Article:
The “Great Captain” Gonsalvo de Cordoba: an unmatched leader

April 11, 2013

Gonzalo Fernández de Córdoba

The real laurels of victory [in the Italian Wars] belong indeed to Gonsalvo de Cordoba; for, though the French army could boast heroes of chivalry, such as Bayard the “knight without fear or stain,” and generals of skill and courage, such as D’Aubigny, it had no soldier who could in any way approach the genius of the “Great Captain.” Gonsalvo had been bred in a school of war, which gave individual talent full scope, and like his elder brother, Alonso de Aguilar, he had been early singled out by Isabel for praise and advancement.

Broze statue of Gonzalo Fernández de Córdoba (1453–1515). Detail of the Monument to Isabella of Castile, the Catholic, at Paseo de la Castellana in Madrid, by Manuel Oms y Canet.

Bronze statue of Gonzalo Fernández de Córdoba (1453–1515). Detail of the Monument to Isabella of Castile, the Catholic, at Paseo de la Castellana in Madrid, by Manuel Oms y Canet.

To the light-hearted chivalry of the courtier, he united the prudence and foresight of a practiced statesman, and the patience and equitable temperament of the born ruler of men. In the fire before Granada which destroyed the Queen’s tent, he had been prompt to put at her disposal his wife’s wardrobe; an act of courtesy that caused Isabel to remark she was afraid he and his family had suffered more loss than herself. This and similar deeds of courtesy made him a pattern of manners in his own day, but like the English Sir Walter Raleigh he was no mere carpet-knight in search of royal favor. He was devoid of personal fear, yet, when large issues depended on his orders, he never let his courage degenerate into recklessness, after the manner of the average Castilian commander, and perhaps his greatest military gift was his power of judging whether the occasion required caution or a daring onslaught. Never was a leader more intrepid in attack, more cool in the hour of retreat, or less easily drawn from a good position by feint or scoff.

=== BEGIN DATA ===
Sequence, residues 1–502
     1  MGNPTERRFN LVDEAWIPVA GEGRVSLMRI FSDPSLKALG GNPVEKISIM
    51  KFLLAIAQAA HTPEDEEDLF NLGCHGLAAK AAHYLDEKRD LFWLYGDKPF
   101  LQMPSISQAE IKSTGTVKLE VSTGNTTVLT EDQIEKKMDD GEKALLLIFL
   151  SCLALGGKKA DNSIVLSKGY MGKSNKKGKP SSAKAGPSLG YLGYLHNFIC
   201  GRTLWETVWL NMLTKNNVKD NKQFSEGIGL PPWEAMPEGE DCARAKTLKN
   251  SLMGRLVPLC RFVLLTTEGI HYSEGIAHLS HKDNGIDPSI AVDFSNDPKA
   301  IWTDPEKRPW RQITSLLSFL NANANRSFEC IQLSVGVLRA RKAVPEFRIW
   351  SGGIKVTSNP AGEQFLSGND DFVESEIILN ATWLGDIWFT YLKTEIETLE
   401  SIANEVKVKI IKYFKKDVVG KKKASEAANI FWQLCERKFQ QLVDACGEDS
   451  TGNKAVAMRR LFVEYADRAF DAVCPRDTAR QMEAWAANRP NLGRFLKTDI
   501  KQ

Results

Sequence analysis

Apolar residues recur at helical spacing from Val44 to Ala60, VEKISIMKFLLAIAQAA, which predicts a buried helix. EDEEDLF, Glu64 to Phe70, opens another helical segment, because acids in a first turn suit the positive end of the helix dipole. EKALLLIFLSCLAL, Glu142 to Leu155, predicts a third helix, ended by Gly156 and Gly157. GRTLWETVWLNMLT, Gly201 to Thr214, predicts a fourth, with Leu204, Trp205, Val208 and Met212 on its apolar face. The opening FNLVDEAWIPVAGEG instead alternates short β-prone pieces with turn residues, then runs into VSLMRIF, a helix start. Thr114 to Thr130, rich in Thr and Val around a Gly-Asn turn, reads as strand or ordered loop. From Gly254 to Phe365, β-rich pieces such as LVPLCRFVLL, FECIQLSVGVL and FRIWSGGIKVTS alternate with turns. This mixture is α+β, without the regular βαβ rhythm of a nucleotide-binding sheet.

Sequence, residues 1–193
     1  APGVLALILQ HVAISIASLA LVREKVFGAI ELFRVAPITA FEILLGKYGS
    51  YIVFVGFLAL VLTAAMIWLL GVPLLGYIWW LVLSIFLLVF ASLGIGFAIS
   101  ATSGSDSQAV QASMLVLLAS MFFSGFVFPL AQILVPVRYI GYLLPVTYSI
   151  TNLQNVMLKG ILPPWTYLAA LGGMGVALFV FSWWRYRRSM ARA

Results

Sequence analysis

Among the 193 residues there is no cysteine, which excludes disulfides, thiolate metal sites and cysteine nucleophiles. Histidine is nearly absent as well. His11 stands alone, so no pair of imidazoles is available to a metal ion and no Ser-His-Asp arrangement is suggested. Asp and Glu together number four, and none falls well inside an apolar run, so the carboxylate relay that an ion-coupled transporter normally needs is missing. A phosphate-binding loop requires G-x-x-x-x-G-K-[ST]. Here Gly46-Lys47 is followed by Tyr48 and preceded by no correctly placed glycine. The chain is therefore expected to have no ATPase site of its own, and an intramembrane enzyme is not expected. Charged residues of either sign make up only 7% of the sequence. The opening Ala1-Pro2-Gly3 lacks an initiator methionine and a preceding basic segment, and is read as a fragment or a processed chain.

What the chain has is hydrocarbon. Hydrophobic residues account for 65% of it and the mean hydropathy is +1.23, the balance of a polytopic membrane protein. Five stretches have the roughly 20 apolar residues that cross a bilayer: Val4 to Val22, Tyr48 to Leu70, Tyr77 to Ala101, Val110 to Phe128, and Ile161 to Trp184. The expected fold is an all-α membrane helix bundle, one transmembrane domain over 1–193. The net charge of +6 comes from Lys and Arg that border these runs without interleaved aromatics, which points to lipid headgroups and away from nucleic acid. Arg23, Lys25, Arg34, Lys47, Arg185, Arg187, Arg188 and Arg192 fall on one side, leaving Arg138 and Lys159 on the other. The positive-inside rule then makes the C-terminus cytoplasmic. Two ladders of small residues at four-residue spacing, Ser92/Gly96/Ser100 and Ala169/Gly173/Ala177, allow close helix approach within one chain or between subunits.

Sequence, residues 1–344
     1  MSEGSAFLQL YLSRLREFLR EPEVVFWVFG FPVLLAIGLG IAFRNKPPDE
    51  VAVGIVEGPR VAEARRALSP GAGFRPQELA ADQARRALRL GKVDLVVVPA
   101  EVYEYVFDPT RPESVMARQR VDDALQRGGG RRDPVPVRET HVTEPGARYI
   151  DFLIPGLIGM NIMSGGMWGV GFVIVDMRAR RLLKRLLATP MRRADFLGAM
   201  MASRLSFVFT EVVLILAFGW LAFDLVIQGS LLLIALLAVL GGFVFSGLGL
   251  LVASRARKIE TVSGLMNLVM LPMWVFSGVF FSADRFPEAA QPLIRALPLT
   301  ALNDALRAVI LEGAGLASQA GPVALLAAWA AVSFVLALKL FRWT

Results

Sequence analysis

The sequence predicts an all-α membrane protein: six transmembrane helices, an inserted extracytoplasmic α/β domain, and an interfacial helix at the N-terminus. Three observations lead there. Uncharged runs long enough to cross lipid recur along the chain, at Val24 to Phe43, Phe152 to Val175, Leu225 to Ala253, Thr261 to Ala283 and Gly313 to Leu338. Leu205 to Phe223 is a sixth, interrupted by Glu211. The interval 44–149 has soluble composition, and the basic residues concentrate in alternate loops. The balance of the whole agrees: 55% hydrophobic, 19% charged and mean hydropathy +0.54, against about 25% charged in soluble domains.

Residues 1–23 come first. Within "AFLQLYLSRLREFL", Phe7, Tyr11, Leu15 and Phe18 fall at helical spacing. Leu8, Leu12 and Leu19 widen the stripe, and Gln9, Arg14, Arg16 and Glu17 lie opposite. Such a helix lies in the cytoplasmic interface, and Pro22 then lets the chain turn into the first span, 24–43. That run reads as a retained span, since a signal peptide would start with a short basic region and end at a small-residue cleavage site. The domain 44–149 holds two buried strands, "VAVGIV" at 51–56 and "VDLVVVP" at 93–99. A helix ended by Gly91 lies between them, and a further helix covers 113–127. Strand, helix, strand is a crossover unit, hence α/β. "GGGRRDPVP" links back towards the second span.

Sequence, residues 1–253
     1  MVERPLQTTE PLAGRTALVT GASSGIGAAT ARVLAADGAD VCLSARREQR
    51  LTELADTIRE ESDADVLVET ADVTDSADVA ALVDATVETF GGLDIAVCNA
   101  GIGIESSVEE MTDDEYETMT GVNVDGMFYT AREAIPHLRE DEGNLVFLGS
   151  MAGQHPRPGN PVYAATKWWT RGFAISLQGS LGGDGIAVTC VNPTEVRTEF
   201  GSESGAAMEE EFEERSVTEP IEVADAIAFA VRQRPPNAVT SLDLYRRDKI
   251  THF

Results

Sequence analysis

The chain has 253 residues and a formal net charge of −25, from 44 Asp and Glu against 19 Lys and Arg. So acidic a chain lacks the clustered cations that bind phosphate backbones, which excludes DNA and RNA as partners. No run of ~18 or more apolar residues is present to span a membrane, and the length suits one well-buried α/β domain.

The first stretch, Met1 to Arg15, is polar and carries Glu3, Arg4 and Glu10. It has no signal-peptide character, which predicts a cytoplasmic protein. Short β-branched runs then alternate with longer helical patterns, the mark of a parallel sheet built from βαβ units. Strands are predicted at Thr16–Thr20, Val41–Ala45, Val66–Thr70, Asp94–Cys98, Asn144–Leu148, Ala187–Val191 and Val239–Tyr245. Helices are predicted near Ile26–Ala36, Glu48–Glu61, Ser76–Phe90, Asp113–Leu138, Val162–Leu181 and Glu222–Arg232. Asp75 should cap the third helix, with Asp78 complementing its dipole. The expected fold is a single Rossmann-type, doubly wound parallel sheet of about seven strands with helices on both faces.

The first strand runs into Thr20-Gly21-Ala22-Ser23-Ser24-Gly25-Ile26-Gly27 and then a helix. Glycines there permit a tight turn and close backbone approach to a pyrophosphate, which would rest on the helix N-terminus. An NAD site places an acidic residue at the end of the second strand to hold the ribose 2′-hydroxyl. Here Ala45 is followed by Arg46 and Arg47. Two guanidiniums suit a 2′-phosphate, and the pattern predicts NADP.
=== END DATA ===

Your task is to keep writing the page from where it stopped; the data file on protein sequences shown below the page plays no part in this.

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Ierne L. Plunket, Isabel of Castile and the Making of the Spanish Nation: 1451-1504 (New York: G. P. Putnam’s Sons, 1915), 368-69.

Short Stories on Honor, Chivalry, and the World of Nobility—no. 272

 

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